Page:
UKIP have gained substantial support off the back of a narrative that has left people terrified that they will lose their job, their house, and their culture to people who were born in other countries.

So how could this politician, with his policies that are fostered out of the hope for a better world, be elected leader in a country where the people are constantly bombarded with a narrative designed to instil fear?

Still weighed down myself with the politics of fear, and with little hope left for anything progressive in the foreseeable future, I didn’t let myself believe the polls. Going against my own principles, I believed the press – there was no way Labour party members would vote for someone with socialist policies. I watched the leadership election on September 12th, 2015 with baited breath. For me, and for many people that day, who had lost all faith in British politics, something changed. Hope won over fear. I had feared that the smear campaign by the press would have been successful in preventing people from voting for Jeremy Corbyn. I feared the media tycoons had convinced everyone that socialism was evil and that free market capitalism was god. But when I saw that figure, 59%… when I saw the people celebrating in the streets and the excitement spreading amongst the young and disenchanted, I once again felt hope, and I saw it in other people too.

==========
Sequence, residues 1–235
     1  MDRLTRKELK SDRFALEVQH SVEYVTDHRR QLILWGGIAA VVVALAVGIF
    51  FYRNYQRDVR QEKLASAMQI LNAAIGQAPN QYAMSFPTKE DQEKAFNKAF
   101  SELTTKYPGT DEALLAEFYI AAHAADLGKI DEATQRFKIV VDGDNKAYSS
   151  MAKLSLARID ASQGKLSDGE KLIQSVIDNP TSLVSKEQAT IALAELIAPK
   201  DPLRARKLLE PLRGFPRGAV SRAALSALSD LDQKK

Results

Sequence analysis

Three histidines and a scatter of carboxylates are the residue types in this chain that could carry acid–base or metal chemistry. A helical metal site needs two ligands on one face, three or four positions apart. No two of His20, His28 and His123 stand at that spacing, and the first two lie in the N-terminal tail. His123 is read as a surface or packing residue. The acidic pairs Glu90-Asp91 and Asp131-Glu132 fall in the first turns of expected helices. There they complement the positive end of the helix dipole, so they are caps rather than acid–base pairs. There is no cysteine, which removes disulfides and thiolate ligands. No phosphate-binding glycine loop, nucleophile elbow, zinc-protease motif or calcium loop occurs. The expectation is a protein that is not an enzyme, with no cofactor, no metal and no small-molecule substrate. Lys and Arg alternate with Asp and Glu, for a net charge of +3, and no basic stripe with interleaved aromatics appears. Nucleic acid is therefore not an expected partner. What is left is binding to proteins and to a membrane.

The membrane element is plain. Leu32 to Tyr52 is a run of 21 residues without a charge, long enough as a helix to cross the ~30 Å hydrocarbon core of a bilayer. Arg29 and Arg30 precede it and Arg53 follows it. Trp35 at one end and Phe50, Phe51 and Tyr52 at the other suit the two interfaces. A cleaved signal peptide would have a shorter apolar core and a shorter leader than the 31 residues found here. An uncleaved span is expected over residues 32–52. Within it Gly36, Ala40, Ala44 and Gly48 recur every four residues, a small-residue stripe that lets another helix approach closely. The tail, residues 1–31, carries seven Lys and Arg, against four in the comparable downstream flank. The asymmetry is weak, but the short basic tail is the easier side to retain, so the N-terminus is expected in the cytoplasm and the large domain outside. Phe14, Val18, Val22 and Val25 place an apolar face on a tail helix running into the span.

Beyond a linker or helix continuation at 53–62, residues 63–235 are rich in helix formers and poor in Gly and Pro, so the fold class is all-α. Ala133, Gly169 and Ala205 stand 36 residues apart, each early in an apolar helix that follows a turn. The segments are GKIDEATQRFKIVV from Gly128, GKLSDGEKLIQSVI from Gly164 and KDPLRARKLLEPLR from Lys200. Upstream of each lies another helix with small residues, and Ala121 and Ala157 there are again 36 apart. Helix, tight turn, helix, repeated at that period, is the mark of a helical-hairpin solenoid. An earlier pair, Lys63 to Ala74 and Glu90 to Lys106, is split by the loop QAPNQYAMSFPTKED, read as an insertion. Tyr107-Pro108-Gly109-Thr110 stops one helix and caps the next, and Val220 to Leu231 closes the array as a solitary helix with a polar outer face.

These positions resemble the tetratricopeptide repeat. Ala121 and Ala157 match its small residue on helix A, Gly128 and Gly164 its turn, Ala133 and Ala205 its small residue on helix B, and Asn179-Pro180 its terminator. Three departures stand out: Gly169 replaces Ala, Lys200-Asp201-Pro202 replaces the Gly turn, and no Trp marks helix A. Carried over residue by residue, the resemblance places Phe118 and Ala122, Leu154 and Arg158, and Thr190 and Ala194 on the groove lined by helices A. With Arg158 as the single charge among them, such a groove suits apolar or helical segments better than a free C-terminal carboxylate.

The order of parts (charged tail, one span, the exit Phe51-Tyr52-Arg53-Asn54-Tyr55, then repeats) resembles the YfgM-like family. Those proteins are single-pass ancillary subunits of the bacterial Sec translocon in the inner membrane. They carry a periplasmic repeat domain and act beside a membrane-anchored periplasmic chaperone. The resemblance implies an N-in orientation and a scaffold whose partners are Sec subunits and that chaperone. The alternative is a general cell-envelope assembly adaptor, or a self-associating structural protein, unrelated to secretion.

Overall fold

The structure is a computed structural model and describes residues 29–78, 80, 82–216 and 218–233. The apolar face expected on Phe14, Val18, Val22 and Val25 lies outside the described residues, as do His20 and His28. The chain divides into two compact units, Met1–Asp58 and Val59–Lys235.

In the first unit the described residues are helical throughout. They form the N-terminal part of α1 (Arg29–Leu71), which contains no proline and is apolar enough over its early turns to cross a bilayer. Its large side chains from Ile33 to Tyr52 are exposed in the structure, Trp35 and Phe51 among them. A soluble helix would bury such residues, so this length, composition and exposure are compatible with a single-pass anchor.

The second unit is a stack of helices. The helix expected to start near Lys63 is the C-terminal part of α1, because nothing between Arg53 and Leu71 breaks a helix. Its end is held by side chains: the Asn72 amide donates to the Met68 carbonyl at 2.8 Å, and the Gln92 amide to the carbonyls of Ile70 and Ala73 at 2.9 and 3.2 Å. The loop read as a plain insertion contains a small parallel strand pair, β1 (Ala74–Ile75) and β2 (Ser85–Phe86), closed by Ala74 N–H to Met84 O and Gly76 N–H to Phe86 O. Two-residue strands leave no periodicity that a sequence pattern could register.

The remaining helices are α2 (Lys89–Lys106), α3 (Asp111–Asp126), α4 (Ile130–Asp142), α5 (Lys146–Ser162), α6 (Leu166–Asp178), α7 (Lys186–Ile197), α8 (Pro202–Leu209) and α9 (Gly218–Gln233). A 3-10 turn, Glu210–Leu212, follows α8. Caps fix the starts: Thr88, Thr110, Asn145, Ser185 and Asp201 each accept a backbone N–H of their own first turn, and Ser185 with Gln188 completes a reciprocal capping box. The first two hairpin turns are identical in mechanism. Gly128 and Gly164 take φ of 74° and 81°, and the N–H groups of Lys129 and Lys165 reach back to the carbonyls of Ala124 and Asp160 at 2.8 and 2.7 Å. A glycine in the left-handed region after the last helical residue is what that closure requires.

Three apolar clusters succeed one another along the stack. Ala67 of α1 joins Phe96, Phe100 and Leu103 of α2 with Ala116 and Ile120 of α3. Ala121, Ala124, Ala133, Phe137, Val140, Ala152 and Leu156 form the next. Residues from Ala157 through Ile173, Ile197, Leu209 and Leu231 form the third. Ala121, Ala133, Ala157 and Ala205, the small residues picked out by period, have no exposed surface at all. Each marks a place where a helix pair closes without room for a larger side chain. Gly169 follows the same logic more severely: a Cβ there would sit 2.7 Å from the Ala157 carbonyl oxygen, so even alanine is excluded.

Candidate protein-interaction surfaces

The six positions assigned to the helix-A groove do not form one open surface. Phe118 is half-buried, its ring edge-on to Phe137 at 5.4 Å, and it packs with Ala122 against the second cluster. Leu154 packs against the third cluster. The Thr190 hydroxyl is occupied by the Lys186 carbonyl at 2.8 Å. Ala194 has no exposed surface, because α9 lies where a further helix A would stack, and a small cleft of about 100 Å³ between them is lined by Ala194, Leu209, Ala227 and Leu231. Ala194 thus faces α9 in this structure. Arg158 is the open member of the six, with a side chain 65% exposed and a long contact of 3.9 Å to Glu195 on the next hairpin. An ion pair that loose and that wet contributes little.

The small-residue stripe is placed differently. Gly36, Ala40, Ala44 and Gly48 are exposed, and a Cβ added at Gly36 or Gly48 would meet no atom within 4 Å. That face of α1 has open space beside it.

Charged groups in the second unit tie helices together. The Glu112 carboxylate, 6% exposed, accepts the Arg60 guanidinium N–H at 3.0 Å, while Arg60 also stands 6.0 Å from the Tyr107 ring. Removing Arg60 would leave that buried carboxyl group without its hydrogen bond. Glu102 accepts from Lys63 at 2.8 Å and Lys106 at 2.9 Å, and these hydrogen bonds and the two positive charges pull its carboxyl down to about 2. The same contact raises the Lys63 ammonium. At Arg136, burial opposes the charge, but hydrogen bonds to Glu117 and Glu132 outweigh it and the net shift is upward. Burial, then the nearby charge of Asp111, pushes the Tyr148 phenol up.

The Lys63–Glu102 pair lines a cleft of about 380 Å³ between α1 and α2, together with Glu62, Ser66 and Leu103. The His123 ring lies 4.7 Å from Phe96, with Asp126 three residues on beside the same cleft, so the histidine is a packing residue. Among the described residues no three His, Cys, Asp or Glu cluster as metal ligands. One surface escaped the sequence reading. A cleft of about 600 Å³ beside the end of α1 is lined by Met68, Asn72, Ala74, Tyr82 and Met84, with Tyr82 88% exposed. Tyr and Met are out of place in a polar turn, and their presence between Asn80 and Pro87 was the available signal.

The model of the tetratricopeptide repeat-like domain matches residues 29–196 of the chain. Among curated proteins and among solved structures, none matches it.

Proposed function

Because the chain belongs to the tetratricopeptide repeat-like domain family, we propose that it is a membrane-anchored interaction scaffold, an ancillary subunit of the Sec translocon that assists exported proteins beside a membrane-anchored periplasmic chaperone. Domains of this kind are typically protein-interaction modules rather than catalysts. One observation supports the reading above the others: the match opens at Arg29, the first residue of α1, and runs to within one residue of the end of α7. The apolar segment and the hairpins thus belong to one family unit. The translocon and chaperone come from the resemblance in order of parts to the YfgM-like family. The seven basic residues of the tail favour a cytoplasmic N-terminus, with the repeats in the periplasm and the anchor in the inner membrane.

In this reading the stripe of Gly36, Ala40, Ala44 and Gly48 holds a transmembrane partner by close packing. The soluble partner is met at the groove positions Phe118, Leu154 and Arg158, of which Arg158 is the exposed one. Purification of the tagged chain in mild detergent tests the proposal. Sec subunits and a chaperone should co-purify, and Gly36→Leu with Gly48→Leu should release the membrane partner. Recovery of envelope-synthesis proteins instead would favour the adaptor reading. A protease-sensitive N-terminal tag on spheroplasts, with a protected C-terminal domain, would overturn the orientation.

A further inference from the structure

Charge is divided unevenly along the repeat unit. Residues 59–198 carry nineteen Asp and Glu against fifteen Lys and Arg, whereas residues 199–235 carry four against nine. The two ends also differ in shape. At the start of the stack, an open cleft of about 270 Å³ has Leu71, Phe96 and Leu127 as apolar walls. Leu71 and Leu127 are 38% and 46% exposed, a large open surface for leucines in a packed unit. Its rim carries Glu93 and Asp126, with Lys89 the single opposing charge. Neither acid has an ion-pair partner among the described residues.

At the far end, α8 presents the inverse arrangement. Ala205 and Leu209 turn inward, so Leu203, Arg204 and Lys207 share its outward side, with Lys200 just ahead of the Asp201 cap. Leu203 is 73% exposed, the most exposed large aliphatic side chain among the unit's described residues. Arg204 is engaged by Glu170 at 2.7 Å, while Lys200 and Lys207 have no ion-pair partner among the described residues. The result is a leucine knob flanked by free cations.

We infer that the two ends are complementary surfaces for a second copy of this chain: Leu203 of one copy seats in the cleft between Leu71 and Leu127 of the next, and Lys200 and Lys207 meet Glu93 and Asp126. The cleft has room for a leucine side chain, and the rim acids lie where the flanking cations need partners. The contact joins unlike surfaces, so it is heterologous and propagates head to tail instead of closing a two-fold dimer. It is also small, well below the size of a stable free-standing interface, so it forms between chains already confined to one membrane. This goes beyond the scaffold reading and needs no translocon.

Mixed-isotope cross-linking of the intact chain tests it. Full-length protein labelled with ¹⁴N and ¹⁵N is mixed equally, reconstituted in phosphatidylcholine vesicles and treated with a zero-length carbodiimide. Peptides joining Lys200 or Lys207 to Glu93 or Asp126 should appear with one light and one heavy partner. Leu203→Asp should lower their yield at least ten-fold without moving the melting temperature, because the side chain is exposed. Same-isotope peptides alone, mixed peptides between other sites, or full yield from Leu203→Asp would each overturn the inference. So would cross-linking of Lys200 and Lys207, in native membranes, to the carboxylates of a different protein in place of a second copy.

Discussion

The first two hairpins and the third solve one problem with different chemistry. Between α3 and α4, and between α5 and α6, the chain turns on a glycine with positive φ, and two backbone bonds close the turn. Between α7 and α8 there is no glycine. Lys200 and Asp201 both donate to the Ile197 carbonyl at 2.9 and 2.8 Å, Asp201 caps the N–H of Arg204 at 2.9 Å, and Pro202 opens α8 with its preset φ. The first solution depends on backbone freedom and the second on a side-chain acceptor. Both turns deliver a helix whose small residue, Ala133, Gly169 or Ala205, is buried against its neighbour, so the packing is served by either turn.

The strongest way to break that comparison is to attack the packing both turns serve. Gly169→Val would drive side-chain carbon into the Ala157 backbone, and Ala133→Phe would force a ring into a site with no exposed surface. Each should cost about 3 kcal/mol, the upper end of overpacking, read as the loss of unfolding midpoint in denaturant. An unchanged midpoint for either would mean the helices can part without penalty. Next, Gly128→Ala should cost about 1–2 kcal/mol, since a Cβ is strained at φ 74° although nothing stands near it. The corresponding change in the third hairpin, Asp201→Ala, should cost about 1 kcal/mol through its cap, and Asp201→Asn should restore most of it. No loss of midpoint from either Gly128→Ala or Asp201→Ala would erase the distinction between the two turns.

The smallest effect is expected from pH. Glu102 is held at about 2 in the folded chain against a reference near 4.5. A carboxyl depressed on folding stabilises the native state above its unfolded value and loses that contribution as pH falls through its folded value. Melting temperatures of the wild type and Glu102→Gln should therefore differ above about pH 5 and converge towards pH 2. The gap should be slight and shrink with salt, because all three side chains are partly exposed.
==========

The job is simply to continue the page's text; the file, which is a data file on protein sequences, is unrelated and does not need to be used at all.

It has been only days since Jeremy won, and already the press and the Tories have started their campaign against him and his socialist policies. Unsurprisingly, they are using their tried and tested weapon of scaremongering. The Sun, drawing on a speech Jeremy made at the annual commemoration service for the people who were killed in the nuclear attacks on Hiroshima and Nagasaki, claim Jeremy wants to “Abolish the Army”. This is what Jeremy actually said:

“Wouldn’t it be wonderful if every politician around the world instead of taking pride in the size of their Armed Forces did what Costa Rica have done and abolished their Army, and took pride in the fact they don’t have an Army.”

Surely everybody thinks it would be wonderful if no country needed an army? He is talking hypothetically, and, unsurprisingly, The Sun took what he said completely out of context, in an effort to make people afraid that a Labour victory in the 2020 election would leave us completely defenceless.

The Tories, in their sinister video backed by sinister music, made the bold assertion that Jeremy Corbyn is a “threat to our national security”. The video purports to outline the “facts” about the new leader. These “facts” are based on heavily misconstrued comments he made in past speeches and interviews.

Firstly, the video claims that Jeremy Corbyn views the death of Osama Bin Laden as “a tragedy”. This is in reference to an interview he gave to Iranian Press TV channel’s “The Agenda” programme, shortly after Bin Laden’s assassination in 2011. If you watch the video, it is clear that he is referring to the failure of the US to capture Bin Laden and try him for his crimes as a tragedy (you can watch part of the interview here). He also condemns the attack on the World Trade Centre and its fall out; “The World Trade Centre was a tragedy, the attack on Afghanistan was a tragedy, the war in Iraq was a tragedy. Tens of thousands of people have died. Torture has come back on to the world stage, been canonised virtually into law by Guantanamo and Bagram.”